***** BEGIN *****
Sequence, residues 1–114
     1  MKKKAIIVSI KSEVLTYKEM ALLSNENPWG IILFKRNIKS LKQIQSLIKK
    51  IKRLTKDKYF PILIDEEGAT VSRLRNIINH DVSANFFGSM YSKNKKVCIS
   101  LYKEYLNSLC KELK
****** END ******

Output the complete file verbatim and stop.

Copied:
Sequence, residues 1–114
     1  MKKKAIIVSI KSEVLTYKEM ALLSNENPWG IILFKRNIKS LKQIQSLIKK
    51  IKRLTKDKYF PILIDEEGAT VSRLRNIINH DVSANFFGSM YSKNKKVCIS
   101  LYKEYLNSLC KELK